The 2009 Human Development Report (HDR), released simultaneously across the world on Monday, makes a strong case for removing barriers to migration within and across borders, arguing that human movement had brought perceptible all-round benefits and held the potential to improve the lives of millions of poor and low-skilled people.

Released jointly here by Deputy Chairman of the Planning Commission Montek Singh Ahluwalia and United Nations Resident Coordinator Patrice Coeur-Bizot, the report, “Overcoming barriers: Human mobility and development,” says: “The poorest and the low skilled could benefit the most by moving, yet they face the largest barriers to movement: legal, financial, social.”

The report, in fact, shatters the many myths around migration, including that most of it is international and towards North America, and further that migrants adversely impact the exit and entry locations.

The Indian popular imagination has long painted migration negatively as “brain drain’ — ambitious emigrants coming good in the West, especially the United States, at the cost of their own country. The host countries have, in turn, seen the immigrants as a burden, as people who take away jobs. According to the 2009 HDR, not only are these perceptions entirely untrue, most migration does not take place between developing and the developed countries. It does not even take place between countries: “The overwhelming majority of people who move do so in their own country.”

The report estimates that nearly one billion (one out of seven) people the world over are migrants. Of this, 740 million are internal migrants — almost four times as many as those who have moved internationally. Among those who have emigrated out, just a third or only about 70 million people, have moved from a developing to a developed country. “Most of the world’s 200 million international migrants moved from one developing country to another or between developed countries.”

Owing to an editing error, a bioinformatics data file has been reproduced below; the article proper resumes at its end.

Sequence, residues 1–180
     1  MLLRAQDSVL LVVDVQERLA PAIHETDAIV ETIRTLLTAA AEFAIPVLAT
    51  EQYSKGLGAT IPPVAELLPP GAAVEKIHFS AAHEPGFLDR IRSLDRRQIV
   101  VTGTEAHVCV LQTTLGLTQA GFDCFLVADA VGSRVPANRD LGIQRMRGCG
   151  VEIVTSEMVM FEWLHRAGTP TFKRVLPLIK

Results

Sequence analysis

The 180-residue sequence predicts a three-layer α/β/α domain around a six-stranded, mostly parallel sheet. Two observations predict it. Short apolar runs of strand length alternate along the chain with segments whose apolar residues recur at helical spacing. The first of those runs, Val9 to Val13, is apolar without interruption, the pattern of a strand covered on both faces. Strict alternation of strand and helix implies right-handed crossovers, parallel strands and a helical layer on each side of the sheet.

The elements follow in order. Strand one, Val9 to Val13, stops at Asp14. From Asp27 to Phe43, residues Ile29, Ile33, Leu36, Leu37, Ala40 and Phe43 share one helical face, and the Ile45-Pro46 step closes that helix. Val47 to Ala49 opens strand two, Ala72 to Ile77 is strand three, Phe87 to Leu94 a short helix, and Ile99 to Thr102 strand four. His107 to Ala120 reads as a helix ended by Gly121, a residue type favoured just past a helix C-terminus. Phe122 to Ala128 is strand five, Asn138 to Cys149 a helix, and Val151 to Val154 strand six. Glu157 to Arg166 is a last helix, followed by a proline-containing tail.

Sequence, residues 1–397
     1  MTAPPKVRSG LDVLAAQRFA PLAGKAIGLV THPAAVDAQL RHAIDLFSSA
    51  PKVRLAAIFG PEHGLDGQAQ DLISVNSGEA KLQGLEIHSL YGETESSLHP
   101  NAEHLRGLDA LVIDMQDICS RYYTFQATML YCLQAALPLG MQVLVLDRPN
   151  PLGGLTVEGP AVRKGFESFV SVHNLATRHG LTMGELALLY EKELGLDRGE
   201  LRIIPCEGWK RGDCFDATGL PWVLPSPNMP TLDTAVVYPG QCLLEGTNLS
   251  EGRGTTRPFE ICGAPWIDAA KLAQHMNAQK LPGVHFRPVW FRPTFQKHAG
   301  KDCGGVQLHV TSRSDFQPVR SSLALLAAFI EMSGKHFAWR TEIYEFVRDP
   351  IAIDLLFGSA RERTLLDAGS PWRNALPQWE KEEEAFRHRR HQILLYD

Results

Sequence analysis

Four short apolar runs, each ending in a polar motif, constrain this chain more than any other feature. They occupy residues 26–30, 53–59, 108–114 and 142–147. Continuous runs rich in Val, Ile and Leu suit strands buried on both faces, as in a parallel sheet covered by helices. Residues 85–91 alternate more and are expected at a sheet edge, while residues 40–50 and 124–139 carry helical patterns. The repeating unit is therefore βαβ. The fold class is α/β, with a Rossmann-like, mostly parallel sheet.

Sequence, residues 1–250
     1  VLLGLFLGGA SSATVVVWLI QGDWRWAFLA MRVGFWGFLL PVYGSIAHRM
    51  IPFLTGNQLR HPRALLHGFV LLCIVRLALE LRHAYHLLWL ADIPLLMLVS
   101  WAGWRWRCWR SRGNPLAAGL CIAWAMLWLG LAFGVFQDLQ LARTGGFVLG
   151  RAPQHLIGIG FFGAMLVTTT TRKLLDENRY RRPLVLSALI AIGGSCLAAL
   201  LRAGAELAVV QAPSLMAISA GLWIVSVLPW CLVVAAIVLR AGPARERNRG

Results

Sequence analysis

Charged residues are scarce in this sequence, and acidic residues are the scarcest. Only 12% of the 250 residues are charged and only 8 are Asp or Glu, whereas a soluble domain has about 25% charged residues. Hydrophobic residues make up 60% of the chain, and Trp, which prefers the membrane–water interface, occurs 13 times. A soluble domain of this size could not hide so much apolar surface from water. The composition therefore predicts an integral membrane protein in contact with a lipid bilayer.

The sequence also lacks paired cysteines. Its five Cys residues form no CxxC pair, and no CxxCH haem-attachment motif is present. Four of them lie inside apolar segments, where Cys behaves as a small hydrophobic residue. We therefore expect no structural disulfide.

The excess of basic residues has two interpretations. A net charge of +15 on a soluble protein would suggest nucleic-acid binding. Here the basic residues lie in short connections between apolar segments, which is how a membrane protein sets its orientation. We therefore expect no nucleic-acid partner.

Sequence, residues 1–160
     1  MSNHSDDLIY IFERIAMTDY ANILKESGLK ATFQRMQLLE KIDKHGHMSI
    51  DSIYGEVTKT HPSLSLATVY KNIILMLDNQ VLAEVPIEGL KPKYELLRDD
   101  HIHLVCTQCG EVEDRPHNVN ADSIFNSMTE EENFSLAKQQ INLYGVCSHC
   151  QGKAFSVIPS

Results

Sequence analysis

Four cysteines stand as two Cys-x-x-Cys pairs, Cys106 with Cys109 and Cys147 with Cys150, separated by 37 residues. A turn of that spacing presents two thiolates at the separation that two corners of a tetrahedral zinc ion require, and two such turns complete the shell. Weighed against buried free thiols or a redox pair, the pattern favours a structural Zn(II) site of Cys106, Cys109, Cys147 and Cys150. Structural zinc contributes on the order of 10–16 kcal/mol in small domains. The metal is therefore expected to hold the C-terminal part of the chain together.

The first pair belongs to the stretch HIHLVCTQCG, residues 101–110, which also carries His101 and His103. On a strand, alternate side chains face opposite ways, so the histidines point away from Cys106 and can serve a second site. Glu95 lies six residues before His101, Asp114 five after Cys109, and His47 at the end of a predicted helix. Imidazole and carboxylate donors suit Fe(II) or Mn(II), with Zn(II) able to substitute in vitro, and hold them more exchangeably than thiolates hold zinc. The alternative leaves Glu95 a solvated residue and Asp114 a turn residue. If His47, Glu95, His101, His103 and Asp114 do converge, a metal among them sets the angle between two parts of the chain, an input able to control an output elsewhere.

In the period 2000-2002, the movement of emigrants from India was as follows: 72 per cent to another country in Asia, 15 per cent to Northern America and 9.7 per cent to Europe. However, nearly half of all Indian emigrants went to a country with a very high Human Development Index, the vast majority obviously to the United Arab Emirates.

Migrants, internal or international, benefited themselves, the communities they moved into and those they left behind, the report says. The gains were larger for the international migrants who earned higher incomes, obtained better access to health and education, and improved prospects for their children. And though the poorest people were the least mobile, they gained the most from emigrating out, witnessing “an average of 15-fold increase in income, a doubling in education enrolment and a 16-fold reduction in child mortality after moving to a country with more opportunities.”

The report says that contrary to commonly held beliefs, immigrants did not crowd out locals from the job market but instead boosted economic output and improved rates of investment in new businesses and initiatives: “Research in the United States found that a 1.3 per cent increase in the share of migrant university graduates increased the number of patents issued per capita by a massive 15 per cent.”

The report argues that migration ought not to become a substitute for development in the countries of origin. Nonetheless, mobility brought new ideas, knowledge and resources besides generating jobs for local workers. In Kerala for instance, the exodus to the Gulf countries yielded a construction boom in the State.

Origin countries also benefited financially from handsome remittances, which in many countries, including India, exceeded official aid. There were social dividends to origin communities in the form of reductions in fertility, higher school enrolment and empowerment of women.

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